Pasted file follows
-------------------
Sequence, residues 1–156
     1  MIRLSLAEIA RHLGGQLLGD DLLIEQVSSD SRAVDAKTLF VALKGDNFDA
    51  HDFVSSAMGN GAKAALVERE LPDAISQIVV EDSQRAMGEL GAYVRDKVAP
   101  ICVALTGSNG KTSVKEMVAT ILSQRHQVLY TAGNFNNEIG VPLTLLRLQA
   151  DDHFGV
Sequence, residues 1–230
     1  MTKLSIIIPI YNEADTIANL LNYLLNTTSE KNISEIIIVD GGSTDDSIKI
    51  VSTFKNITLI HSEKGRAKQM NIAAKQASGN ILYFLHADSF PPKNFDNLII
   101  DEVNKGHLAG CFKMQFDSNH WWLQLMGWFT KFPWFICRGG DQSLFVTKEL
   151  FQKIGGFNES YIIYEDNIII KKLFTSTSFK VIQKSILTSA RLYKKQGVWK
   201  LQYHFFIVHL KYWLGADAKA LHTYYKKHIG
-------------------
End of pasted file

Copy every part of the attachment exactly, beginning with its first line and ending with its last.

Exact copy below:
Sequence, residues 1–156
     1  MIRLSLAEIA RHLGGQLLGD DLLIEQVSSD SRAVDAKTLF VALKGDNFDA
    51  HDFVSSAMGN GAKAALVERE LPDAISQIVV EDSQRAMGEL GAYVRDKVAP
   101  ICVALTGSNG KTSVKEMVAT ILSQRHQVLY TAGNFNNEIG VPLTLLRLQA
   151  DDHFGV
Sequence, residues 1–230
     1  MTKLSIIIPI YNEADTIANL LNYLLNTTSE KNISEIIIVD GGSTDDSIKI
    51  VSTFKNITLI HSEKGRAKQM NIAAKQASGN ILYFLHADSF PPKNFDNLII
   101  DEVNKGHLAG CFKMQFDSNH WWLQLMGWFT KFPWFICRGG DQSLFVTKEL
   151  FQKIGGFNES YIIYEDNIII KKLFTSTSFK VIQKSILTSA RLYKKQGVWK
   201  LQYHFFIVHL KYWLGADAKA LHTYYKKHIG